So the likely triggering of the CAC's will probably still lead to a payout – the market may yet dodge this particular bullet in other words.

Meanwhile, CDS on Portugal have also begun to move higher again.

 


 

5 year CDS on Portugal, Italy, Greece and Spain – click chart for better resolution.

 


 

5 year CDS on France, Belgium, Ireland and Japan – click chart for better resolution.

 


 

5 year CDS on Bulgaria, Croatia, Hungary and Austria – a growing divergence – click chart for better resolution.

 


 

5 year CDS on Latvia, Lithuania, Slovenia and Slovakia – click chart for better resolution.

 


 

5 year CDS on Romania, Poland,  Ukraine and Estonia – click chart for better resolution.

 


 

5 year CDS on Bahrain, Saudi Arabia, Morocco and Turkey – mixed bag – click chart for better resolution.

 


 

5 year CDS on Germany, the US and the Markit SovX index of CDS on 19 Western European sovereigns – SovX still levitating, presumably due to the huge move up in CDS on Greece – click chart for better resolution.

 


 

Three month, one year, three year and five year euro basis swaps – looking better again, which is good for gold – click chart for better resolution.

 


 

Our proprietary unweighted index of 5 year CDS on eight major European banks (BBVA, Banca Monte dei Paschi di Siena, Societe Generale, BNP Paribas, Deutsche Bank, UBS, Intesa Sanpaolo and Unicredito)  – once again a tad lower following the February LTRO – click chart for better resolution.

 


 

5 year CDS on two big Austrian banks, Erstebank and Raiffeisen – looking much better now – click chart for better resolution.

 


 

10 year government bond yields of Italy, Greece, Portugal and Spain – it's Portugal's turn in the barrel now – click chart for better resolution.

 


 

UK gilts, Austria's 10 year government bond yield, Ireland's 9 year government bond yield and the Greek 2 year note – click chart for better resolution.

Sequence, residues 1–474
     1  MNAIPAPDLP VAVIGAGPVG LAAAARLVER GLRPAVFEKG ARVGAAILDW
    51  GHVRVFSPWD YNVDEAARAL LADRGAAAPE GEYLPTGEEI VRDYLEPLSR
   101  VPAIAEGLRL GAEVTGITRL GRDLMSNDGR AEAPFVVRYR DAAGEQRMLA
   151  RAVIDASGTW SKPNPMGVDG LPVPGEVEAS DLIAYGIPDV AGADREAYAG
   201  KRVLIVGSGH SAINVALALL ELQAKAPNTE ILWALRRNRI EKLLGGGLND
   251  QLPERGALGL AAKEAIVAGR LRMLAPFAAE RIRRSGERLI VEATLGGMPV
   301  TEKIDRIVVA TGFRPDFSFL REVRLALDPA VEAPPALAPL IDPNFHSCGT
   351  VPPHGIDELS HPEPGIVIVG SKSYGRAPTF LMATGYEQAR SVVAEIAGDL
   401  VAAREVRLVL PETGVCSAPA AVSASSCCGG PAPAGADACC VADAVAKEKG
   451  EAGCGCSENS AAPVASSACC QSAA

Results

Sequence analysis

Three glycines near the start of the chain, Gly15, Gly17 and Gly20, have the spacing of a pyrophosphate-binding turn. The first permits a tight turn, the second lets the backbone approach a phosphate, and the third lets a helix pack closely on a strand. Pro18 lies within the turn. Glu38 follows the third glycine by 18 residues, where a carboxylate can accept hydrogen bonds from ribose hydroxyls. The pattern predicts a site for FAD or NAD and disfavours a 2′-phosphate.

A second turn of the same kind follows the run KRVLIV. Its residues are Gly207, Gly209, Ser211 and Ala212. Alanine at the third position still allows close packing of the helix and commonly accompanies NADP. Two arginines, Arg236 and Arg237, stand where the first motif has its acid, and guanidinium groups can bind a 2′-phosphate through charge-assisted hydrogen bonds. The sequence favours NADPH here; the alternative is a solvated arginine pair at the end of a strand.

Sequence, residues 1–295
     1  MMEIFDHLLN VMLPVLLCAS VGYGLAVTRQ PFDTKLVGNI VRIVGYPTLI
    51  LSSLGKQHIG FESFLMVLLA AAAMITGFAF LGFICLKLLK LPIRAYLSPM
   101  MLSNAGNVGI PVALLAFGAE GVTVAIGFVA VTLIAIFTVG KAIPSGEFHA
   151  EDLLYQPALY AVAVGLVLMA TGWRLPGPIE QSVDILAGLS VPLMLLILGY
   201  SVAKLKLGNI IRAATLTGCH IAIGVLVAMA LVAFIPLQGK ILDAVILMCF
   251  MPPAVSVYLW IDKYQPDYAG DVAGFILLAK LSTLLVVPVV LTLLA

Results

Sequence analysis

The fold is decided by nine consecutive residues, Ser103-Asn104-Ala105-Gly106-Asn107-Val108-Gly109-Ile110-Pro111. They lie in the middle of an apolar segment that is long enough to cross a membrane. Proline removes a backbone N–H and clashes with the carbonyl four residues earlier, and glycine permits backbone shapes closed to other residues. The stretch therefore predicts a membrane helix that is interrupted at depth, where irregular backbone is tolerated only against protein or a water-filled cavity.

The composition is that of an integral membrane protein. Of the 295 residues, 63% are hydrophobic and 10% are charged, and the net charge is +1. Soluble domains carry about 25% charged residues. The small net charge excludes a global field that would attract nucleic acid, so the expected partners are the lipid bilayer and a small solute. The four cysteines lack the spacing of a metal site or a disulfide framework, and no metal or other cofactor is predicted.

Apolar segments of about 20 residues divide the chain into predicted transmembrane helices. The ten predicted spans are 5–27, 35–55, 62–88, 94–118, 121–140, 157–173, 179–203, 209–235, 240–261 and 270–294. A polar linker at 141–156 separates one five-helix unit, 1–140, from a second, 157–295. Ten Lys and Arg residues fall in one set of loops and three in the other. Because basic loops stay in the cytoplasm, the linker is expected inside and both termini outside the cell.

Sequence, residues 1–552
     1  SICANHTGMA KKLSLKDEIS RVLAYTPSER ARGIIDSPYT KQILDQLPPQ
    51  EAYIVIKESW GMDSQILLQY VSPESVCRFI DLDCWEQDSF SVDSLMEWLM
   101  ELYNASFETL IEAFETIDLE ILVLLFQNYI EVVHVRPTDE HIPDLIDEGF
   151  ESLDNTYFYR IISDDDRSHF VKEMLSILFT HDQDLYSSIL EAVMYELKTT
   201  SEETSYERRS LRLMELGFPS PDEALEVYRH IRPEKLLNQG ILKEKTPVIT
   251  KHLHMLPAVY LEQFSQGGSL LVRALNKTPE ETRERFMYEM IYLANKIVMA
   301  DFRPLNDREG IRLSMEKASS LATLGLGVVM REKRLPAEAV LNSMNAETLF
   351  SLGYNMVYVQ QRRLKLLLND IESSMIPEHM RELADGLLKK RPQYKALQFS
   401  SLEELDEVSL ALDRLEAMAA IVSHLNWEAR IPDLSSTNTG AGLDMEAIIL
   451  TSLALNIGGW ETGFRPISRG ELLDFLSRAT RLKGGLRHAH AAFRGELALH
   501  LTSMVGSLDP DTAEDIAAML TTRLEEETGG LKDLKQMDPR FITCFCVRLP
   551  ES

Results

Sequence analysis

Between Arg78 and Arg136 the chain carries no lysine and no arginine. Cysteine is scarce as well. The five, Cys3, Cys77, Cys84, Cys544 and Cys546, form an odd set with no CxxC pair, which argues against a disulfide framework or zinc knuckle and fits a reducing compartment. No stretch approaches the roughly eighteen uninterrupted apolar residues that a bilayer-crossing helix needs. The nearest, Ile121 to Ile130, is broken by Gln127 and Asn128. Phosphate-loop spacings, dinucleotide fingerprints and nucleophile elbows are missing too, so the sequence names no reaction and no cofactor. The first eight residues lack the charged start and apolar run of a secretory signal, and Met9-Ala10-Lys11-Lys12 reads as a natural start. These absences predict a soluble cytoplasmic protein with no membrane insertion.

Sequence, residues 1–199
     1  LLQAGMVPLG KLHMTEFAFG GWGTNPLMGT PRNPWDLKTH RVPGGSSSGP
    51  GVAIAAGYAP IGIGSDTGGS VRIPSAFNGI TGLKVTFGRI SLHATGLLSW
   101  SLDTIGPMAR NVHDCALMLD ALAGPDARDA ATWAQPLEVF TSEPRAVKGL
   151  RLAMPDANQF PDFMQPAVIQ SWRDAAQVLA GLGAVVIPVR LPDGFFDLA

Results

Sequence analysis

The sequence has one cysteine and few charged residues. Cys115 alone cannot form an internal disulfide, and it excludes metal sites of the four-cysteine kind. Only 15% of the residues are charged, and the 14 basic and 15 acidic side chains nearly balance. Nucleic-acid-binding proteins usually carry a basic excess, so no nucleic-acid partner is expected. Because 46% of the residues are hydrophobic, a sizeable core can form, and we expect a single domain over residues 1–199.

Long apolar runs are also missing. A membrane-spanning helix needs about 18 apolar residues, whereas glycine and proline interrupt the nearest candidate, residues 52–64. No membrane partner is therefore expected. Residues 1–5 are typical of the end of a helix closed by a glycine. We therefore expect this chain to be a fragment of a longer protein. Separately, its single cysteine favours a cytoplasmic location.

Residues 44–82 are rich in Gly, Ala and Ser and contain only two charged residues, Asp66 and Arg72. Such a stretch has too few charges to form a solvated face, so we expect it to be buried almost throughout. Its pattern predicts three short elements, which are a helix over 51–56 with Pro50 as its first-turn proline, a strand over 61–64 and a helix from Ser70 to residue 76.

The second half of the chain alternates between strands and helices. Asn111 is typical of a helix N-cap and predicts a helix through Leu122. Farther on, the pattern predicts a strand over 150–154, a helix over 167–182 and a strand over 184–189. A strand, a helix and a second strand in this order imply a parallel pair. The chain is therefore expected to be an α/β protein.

5 year CDS on Australia's 'Big Four' banks – still going nowhere – click chart for better resolution.

 


 

The SPX, the gold-silver ratio, and T.R.'s proprietary volatility indicator (the AU/AG ratio adjusted VIX). There is a slight bearish divergence between the volatility indicator and the SPX now – click chart for better resolution.

 


 

 

Charts by: Bloomberg


 

 

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One Response to “No ‘Credit Event’ in Greece Just Yet – Credit Market Watch, March 1”

  • jfraasch:

    Tell me I’m not the only one that see the fallout from this not triggering CDS. It would seem to me two things will happen:

    1) The value of CDS will go down significantly. If your insurance is not triggered until you are forced to take a more than 75% cut in bond payments, then effectively that should reduce the value of the CDS.
    2) Since CDS triggers will not happen until you are already out 75%, it would seem to me that private investors would be less likely to participate in future bond auctions leaving the government as the last and only buyer of sovereign debt instruments. The risk of losing 75% of your investment and not having any way to insure against such loss should make private investors scramble for the exits.

    This is not going to end well.

    James